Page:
Hefce leader dismisses fear of end of blue-skies work

But most academics now describe their research as applied or 'user-inspired'. Hannah Fearn writes

October 15, 2009

Academics who believe that the demand for universities to demonstrate value for money will sound the death knell for blue-skies research are "naive", the head of the funding council has said.

Sir Alan Langlands, chief executive of the Higher Education Funding Council for England, told an Association for University Research and Industry Links conference that, in his opinion, there is "no such thing as applied research".

Responding to the suggestion that freedom in research would be curbed by the new focus on impact - with the research excellence framework likely to base as much as 25 per cent of its assessment of universities on this measure - he said: "That's just naive ... What there is, is the application of basic research. If you follow any story from the laboratory to the marketplace, you will find that there are many complicated steps along the way before real impact is achieved."

His comments came as research presented to the conference in Bristol last week revealed that only a quarter of academics now believe they are doing blue-skies research. The majority described their research as applied or "user-inspired".

The study, by academics at the Judge Business School, University of Cambridge, established that, of those who do embrace third-stream work, the majority prefer people-based interaction such as attending conferences and giving public lectures.

The 22,000 scholars questioned cited a lack of time, spiralling bureaucracy and poor rewards as barriers preventing greater involvement in knowledge-exchange projects.

A lack of resources also constrained efforts made by businesses to work with universities.

However, the research found that businesses seek interaction with researchers across a wide range of subjects, not just science, engineering, technology and mathematics.

"If you're interested in economic impact, it's not just based on technology," said Alan Hughes, Margaret Thatcher professor of enterprise studies at the Judge Business School.

The full results of the study will be published on 20 October.

Addressing the conference, Sir Alan said technology-transfer officers would cement their place at the heart of the sector as the Government demanded greater evidence of impact.

However, his prediction was at odds with the Judge Business School study's finding that 56 per cent of researchers do not engage with the technology-transfer office at their university.

Sir Alan also said that Hefce would fight to ensure that the Higher Education Innovation Fund would be protected after the general election. But he added that it was inevitable that the total sector funding would be squeezed, and not just in the short term.

"What we might be seeing in the UK is not just a temporary fall in public spending due to the recession and the economy, but a bit of a recalibration, making it likely that there will be difficulties for the next eight to nine years," he said.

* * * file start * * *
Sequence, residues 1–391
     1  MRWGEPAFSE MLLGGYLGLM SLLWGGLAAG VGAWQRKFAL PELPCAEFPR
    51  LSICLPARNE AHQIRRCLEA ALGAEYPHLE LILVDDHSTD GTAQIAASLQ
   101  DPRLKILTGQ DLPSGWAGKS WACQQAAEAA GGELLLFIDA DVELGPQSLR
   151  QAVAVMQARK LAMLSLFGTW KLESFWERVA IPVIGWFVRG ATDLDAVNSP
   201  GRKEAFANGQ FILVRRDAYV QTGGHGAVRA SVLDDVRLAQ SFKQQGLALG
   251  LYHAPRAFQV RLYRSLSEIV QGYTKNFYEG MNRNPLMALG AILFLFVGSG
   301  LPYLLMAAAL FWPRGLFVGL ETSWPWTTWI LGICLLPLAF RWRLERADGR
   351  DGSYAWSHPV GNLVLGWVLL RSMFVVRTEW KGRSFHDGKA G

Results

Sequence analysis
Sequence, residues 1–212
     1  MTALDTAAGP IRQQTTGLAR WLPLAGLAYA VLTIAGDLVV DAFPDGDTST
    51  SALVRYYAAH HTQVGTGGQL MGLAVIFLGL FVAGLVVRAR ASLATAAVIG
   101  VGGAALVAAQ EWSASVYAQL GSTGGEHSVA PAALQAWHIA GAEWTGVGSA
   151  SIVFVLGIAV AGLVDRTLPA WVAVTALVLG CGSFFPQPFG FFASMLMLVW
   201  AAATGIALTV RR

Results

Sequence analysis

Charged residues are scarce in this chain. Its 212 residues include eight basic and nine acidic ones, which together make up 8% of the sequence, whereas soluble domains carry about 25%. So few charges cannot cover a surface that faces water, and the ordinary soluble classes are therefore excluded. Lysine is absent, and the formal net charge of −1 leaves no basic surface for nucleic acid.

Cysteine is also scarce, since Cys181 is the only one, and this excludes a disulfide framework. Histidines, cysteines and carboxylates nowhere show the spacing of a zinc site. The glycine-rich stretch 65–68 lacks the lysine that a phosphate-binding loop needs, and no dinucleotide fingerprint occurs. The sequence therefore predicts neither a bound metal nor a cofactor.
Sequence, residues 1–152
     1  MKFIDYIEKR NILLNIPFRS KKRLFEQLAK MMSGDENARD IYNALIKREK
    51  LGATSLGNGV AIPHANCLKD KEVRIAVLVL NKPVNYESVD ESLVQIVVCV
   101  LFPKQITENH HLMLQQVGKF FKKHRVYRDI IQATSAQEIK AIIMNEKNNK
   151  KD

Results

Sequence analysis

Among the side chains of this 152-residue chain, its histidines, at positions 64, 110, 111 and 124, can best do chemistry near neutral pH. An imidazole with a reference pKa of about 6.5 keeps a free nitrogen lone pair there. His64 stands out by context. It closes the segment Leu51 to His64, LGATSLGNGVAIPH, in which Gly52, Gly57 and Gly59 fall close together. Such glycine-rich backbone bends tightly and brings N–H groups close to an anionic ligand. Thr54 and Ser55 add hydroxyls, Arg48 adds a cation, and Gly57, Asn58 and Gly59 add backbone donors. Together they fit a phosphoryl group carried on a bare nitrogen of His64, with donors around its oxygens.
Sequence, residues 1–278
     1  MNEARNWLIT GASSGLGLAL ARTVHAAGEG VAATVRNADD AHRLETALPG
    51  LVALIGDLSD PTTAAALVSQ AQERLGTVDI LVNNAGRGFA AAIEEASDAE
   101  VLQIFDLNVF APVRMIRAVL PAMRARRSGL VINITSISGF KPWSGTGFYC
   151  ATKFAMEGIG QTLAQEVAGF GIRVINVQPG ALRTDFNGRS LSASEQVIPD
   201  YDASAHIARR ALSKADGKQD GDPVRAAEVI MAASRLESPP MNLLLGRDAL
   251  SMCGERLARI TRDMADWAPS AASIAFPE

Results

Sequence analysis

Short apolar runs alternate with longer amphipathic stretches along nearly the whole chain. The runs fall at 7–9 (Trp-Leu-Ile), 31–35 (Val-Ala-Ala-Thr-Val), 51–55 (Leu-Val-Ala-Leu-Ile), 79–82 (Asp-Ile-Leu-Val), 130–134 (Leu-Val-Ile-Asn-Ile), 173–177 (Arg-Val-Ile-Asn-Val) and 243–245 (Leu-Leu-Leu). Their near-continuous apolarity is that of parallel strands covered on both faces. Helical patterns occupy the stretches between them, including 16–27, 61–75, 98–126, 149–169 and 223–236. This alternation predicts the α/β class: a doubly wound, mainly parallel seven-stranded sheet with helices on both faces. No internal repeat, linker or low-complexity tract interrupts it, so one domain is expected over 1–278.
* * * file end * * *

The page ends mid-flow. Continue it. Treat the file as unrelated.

hannah.fearn@tsleducation.com


KNOWLEDGE-TRANSFER UNITS SWAMPED AS THEY WRITE IMPACT STATEMENTS FOR GRANT-SEEKERS

Scholars are farming out the arduous task of writing the "impact statements" demanded by research councils to overstretched knowledge-transfer offices.

A conference in Bristol heard that academics who do not know how to describe the impact of their work in grant applications are turning to administrators for help, and that staff in university knowledge-transfer offices often end up writing the statements themselves.

Ederyn Williams, director of Warwick Ventures at the University of Warwick, said offices were being overloaded with the extra work.

"We're set up to deal with the outputs of research, not to help with people getting research grants," he said.

Carole Barron, director of innovation and enterprise at the University of Kent, said the growing workload was beyond what could be dealt with by existing staff members.

She said: "I've employed someone to write the impact statements. We needed somebody who could really immerse themselves in understanding what the Medical Research Council might want, what the Engineering and Physical Sciences Research Council might want, as they may be looking for something slightly different."

In a separate session at the conference of the Association for University Research and Industry Links last week, Dan Stern, director of public relations consultancy CampusPR Southwest, said universities must "ramp up" their public relations efforts and learn to deal with journalists if they are going to meet the demands of the Government's impact agenda.

"If you talk to researchers, they say they don't want to be in The Sun. But the Department for Business, Innovation and Skills wets its pants if you're in The Sun," he said.

"The cake's getting smaller. If you want your cake you have got to shout to get it."

David Delpy, chief executive of the EPSRC, added that there was also a risk that those outside the academy would believe that all academics were opposed to the idea of economic impact because of a vocal, critical few.

"The Government will assume it's in a battle with universities to try to get economic benefit from its large investment," he said.

hannah.fearn@tsleducation.com.

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